viernes, 19 de septiembre de 2014

Bebe Buchanan Tagel - Gone (2014)


Label: Out Here Music
Source: Søren Bebe

Dette usædvanligt lange bandnavn dækker over et møde mellem 5 musikere i foråret 2013. Tre fra Danmark, en fra Norge og en fra England. Musikken er skrevet af Bebe, Buchanan og Tagel med udgangspunkt i en lyrisk nordisk tone.
Udover 3 koncerter i Jylland blev der i foråret fokuseret på at indspille en cd som nu er ved at blive færdigmixet, og som udkommer 6. oktober 2014.
I forbindelse med udgivelsen har vi igen inviteret Norbakken og Arguelles til Danmark for at fejre cd udgivelsen. (Sorry, no other reviews founded).




"The most important thing I look for in a musician,
 is whether he knows how to listen."
  - Duke Ellington - 



GAB
 

BOBBY AVEY - AUTHORITY MELTS FROM ME (2014)


Source: Allaboutjazz


Former Thelonious Monk competition winner, pianist Bobby Avey has been creating a buzz in the jazz community based on the strengths of his three previous solo outings. Yet Authority Melts From Me is his first quintet led outing, inspired by his respect for the people of Haiti and the slave revolt, leading to the country's independence from France in 1804. Here, Avey aligns with a mega-talented supporting cast who respectively add their distinctive voices to his intricately designed oeuvres via numerous spellbinding motifs, simmering solo excursions and astute compositional approach.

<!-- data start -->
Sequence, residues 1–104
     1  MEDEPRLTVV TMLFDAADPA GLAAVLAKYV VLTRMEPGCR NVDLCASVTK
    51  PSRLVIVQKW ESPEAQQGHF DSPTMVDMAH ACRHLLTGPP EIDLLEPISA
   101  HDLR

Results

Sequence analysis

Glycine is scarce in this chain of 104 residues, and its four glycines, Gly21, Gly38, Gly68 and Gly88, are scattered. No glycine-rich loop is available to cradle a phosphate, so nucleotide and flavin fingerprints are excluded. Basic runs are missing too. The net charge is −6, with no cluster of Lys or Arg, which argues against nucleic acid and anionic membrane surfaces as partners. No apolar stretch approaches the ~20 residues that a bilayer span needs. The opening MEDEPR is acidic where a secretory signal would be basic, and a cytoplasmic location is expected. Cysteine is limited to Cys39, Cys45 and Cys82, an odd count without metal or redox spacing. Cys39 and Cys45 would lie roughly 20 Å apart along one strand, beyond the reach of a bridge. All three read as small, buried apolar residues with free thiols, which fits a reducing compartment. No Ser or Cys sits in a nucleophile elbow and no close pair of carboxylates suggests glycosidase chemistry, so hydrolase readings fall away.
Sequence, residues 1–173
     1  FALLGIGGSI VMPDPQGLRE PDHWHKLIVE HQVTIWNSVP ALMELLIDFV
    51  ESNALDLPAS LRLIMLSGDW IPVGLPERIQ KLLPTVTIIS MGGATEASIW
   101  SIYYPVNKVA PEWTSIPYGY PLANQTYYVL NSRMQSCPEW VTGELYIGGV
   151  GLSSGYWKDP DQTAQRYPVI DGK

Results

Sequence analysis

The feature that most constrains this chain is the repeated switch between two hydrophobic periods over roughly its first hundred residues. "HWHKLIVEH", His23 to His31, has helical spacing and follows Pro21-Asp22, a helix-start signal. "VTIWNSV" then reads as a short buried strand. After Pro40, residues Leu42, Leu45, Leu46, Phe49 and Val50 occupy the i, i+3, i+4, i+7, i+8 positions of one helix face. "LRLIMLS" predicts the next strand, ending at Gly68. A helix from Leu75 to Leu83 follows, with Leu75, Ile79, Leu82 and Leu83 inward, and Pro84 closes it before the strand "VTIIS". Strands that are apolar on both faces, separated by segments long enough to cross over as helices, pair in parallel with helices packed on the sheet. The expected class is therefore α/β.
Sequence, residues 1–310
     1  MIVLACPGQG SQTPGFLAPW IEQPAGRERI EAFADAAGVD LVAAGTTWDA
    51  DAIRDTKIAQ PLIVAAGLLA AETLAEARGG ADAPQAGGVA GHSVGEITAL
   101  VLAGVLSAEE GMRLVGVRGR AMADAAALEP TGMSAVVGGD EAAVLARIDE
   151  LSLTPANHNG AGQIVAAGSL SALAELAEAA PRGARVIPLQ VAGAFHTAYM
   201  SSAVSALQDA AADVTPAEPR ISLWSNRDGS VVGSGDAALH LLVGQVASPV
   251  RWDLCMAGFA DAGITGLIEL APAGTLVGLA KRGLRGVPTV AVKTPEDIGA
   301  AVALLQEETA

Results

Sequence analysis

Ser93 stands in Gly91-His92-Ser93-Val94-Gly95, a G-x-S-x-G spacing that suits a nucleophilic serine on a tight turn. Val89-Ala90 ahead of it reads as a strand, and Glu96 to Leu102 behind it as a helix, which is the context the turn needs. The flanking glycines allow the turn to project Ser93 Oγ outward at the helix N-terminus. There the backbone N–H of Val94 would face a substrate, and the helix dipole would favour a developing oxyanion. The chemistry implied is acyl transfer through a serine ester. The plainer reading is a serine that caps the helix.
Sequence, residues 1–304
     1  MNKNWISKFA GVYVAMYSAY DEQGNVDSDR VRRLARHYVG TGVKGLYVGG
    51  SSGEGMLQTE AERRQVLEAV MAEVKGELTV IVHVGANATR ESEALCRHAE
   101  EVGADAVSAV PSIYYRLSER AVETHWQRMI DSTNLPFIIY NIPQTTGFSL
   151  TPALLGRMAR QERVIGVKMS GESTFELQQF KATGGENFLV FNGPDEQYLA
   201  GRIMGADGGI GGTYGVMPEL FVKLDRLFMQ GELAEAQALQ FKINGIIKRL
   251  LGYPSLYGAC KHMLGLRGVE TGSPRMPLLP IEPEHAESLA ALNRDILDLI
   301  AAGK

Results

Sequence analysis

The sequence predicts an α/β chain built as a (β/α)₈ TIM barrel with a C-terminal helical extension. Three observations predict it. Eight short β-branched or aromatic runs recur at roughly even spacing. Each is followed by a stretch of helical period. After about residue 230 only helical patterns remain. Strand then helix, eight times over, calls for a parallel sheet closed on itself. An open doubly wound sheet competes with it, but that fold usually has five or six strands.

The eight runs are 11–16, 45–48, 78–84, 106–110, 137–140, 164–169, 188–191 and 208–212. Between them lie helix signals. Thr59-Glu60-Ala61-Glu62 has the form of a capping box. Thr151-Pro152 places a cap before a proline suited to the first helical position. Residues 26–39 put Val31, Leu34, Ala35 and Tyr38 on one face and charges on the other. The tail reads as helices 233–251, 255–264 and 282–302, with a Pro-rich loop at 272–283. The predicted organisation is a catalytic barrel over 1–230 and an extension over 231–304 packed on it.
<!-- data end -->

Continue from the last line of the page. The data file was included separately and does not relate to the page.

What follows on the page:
The 17-minute "Louverture" is a mini epic-like work that showcases Avey's dense fabrications and multi-purposed thought processes. He launches the piece with fleet-fingered voicings amid a faint Caribbean theme, subsequently forming a nucleus with bassist Thomson Kneeland and drummer Jordan Perlson. Here, the trio dishes out a contrapuntal, odd-metered groove followed by saxophonist Miguel Zenon's jaw-dropping flurries and whirling choruses. However, the tide turns and Avey's subtle phrasings allude to an interminable void, where guitarist Ben Monder uses shadowy electronics effects, signaling a interstellar journey of sorts. But the quintet takes action and rebuilds the previous scenario with more fireworks, amplified by Monder's distortion guitar techniques and Zenon's spiraling sax lines, all executed within the heat of passion. Hence, Avey hits his stride and permeates a musical persona that rockets into the outlying regions of progressive jazz.


1. Kalfou
2. Piano Interlude
3. Louverture
4. Drum Interlude
5. Cost

Bobby Avey - Piano
Miguel Zenón - Alto Saxophone
Ben Monder - Guitar
Thomson Kneeland - Double Bass
Jordan Perlson - Drums


"The most important thing I look for in a musician,
 is whether he knows how to listen."
  - Duke Ellington - 








GAB

Laura Dreyer - Vida. Arte. Amor. (2014)


Source & Label: Mayimba Music


Laura Dreyer, a native of the San Francisco Bay Area, has established herself as a vital member of the New York jazz scene. Always drawn to Brazilian music, the composer, educator and multi-instrumentalist created a fusion, incorporating elements of jazz, funk, and rock in past compositions. Laura has been studying and composing in the Brazilian idiom for over 25 years, Vida. Arte. Amor is her 3rd Brazilian Jazz album.